def_bool 64BIT
So, as this book describes only x86_64 architecture related stuff, we will skip the case when the CONFIG_RWSEM_GENERIC_SPINLOCK kernel configuration is enabled and consider definition of the rw_semaphore structure only from the include/linux/rwsem.h header file.
If we will take a look at the definition of the rw_semaphore structure, we will notice that first three fields are the same that in the semaphore structure. It contains count field which represents amount of available resources, the wait_list field which represents doubly linked list of processes which are waiting to acquire a lock and wait_lock spinlock for protection of this list. Notice that rw_semaphore.count field is long type unlike the same field in the semaphore structure.
The count field of a rw_semaphore structure may have following values:
  • 0x0000000000000000 - reader/writer semaphore is in unlocked state and no one is waiting for a lock;
  • 0x000000000000000X - X readers are active or attempting to acquire a lock and no writer waiting;
  • 0xffffffff0000000X - may represent different cases. The first is - X readers are active or attempting to acquire a lock with waiters for the lock. The second is - one writer attempting a lock, no waiters for the lock. And the last - one writer is active and no waiters for the lock;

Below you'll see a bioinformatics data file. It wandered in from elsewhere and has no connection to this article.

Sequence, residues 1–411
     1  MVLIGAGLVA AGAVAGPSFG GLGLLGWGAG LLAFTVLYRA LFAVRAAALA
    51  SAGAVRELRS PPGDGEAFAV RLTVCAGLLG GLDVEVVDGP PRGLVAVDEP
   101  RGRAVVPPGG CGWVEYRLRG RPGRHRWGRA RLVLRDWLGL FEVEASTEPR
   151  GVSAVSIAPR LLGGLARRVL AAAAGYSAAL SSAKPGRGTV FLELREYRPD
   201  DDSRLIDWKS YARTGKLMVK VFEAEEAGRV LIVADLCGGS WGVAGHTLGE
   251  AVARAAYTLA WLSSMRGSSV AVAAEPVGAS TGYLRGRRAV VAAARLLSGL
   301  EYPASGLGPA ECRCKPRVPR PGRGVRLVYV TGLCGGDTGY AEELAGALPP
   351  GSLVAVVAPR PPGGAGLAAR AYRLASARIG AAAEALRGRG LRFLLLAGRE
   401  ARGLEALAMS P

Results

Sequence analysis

• 0xffffffff00000001 - may represented two different cases. The first is - one reader is active or attempting to acquire a lock and exist waiters for the lock. The second case is one writer is active or attempting to acquire a lock and no waiters for the lock;
  • 0xffffffff00000000 - represents situation when there are readers or writers are queued, but no one is active or is in the process of acquire of a lock;
  • 0xfffffffe00000001 - a writer is active or attempting to acquire a lock and waiters are in queue.
So, besides the count field, all of these fields are similar to fields of the semaphore structure. Last three fields depend on the two configuration options of the Linux kernel: the CONFIG_RWSEM_SPIN_ON_OWNER and CONFIG_DEBUG_LOCK_ALLOC. The first two fields may be familiar us by declaration of the mutex structure from the previous part. The first osq field represents MCS lock spinner for optimistic spinning and the second represents process which is current owner of a lock.
The last field of the rw_semaphore structure is - dep_map - debugging related, and as I already wrote in previous parts, we will skip debugging related stuff in this chapter.
That's all. Now we know a little about what is it reader/writer lock in general and reader/writer semaphore in particular. Additionally we saw how a reader/writer semaphore is represented in the Linux kernel. In this case, we may go ahead and start to look at the API which the Linux kernel provides for manipulation of reader/writer semaphores.